Application of a six degrees of freedom adaptive controller to a general aviation aircraft
Lemon, Kimberly Ann
AdvisorSteck, James E.
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In an effort to increase general aviation safety, a simplified model reference adaptive control (MRAC), adapting to modeling error with only a bias neuron, is applied to a desktop simulation of the Hawker Beechcraft Corporation (HBC) CJ-144 fly-by-wire aircraft in six degrees of freedom. MRAC has been experimentally applied to military and commercial aircraft by the National Aeronautics and Space Administration and the Department of Defense. Previous research at Wichita State University has demonstrated promising results for MRAC’s application to general aviation in three degrees of freedom, both in its ability to achieve desired handling qualities and adapt to unexpected changes in aircraft dynamics. MRAC is used to control the aircraft in the nominal case and adapts to maintain control with changes in flight condition or unexpected A matrix and B matrix failures. The HBC CJ-144 aircraft is configured for decoupled flight control where the pilot commands the airspeed, flight path angle, bank angle, and side force. The controller architecture consists of an inverse controller, single bias neuron adaptive element, model follower and linear controller. A six degrees of freedom dynamic inverse controller is derived to calculate the necessary thrust and control surface deflections in the nominal flight case. An artificial neural network is trained online to correct for uncertainties in the inverse and to adapt to changes in either the flight condition or the aircraft itself. The aircraft response is shaped by a model follower and linear controller. An artificial time delay metric is used to tune the controller gains for the desired performance. The controller and aircraft are simulated in the MATLAB/Simulink environment. Time response results are presented for maneuvers in each axis as well as aircraft response to unexpected failures. In simulation, the desired aircraft response was achieved. Additionally, the controller was able to maintain stability and complete maneuvers following A and B matrix failures. This controller is designed to be flight tested on the HBC CJ-144 fly-by-wire testbed.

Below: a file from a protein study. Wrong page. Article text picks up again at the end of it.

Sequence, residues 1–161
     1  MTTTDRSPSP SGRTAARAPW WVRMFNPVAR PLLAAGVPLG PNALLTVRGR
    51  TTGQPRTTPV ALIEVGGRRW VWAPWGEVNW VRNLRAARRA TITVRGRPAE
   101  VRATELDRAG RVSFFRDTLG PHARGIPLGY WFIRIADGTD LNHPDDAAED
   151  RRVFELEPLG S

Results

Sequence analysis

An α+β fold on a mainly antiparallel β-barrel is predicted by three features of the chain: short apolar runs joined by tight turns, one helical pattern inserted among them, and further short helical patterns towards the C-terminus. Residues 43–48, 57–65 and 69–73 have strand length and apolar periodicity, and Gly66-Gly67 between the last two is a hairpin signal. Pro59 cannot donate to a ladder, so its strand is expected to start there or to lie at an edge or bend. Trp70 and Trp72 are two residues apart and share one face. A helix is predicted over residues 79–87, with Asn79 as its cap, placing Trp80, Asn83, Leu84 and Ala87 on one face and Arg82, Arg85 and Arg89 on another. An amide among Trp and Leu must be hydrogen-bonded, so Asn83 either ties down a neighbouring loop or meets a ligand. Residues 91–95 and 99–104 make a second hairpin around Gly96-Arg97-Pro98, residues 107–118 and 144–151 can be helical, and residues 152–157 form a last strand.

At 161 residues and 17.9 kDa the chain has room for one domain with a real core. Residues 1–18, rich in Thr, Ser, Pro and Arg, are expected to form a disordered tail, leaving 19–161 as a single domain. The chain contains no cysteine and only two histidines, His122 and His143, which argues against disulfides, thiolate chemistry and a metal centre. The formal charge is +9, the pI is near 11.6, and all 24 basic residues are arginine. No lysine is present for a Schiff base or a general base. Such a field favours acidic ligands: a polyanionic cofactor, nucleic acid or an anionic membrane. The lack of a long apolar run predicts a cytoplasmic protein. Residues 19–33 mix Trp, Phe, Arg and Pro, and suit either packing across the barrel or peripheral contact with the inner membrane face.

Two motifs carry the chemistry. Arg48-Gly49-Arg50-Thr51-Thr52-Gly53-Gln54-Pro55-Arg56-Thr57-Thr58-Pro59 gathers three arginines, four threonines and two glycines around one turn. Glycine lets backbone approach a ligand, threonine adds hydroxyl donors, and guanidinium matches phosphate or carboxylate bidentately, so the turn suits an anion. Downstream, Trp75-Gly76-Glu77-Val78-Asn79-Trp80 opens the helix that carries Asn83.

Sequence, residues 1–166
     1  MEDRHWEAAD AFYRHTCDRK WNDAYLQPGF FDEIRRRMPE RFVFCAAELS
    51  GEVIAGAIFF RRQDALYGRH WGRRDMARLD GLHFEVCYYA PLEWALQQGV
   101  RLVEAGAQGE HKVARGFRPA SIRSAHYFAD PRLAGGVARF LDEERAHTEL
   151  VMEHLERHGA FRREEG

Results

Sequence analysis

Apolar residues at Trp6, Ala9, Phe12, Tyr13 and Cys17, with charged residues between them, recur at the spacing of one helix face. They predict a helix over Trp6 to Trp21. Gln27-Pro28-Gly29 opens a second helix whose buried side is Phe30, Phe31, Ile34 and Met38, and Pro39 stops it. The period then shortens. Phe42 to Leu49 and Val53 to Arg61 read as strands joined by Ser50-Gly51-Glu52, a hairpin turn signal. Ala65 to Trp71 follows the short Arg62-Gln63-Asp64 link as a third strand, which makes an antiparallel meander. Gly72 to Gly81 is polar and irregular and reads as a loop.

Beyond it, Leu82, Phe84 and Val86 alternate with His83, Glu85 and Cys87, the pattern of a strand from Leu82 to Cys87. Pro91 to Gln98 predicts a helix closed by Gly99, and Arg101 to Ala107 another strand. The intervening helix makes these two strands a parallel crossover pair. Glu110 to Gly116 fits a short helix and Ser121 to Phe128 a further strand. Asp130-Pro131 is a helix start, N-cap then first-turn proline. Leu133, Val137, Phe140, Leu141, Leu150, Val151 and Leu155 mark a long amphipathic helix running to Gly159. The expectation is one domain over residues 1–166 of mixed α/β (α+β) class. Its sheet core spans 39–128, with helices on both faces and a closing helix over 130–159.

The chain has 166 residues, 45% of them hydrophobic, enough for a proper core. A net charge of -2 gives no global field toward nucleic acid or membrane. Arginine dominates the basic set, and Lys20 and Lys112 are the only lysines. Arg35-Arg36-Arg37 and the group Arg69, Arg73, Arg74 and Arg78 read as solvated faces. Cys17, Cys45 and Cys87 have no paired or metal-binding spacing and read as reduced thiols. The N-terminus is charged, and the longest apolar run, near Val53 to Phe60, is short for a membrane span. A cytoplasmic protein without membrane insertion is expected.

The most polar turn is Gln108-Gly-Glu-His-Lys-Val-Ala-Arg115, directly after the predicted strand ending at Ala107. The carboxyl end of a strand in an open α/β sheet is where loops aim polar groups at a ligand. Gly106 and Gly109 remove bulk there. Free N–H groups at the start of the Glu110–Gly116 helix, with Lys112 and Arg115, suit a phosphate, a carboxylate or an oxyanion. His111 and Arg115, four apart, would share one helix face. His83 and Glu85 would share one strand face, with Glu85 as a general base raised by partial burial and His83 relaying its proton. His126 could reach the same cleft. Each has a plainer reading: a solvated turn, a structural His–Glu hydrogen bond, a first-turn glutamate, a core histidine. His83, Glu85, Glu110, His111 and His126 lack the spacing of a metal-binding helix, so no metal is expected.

Thesis (M.S.)--Wichita State University, College of Engineering, Dept. of Aerospace Engineering.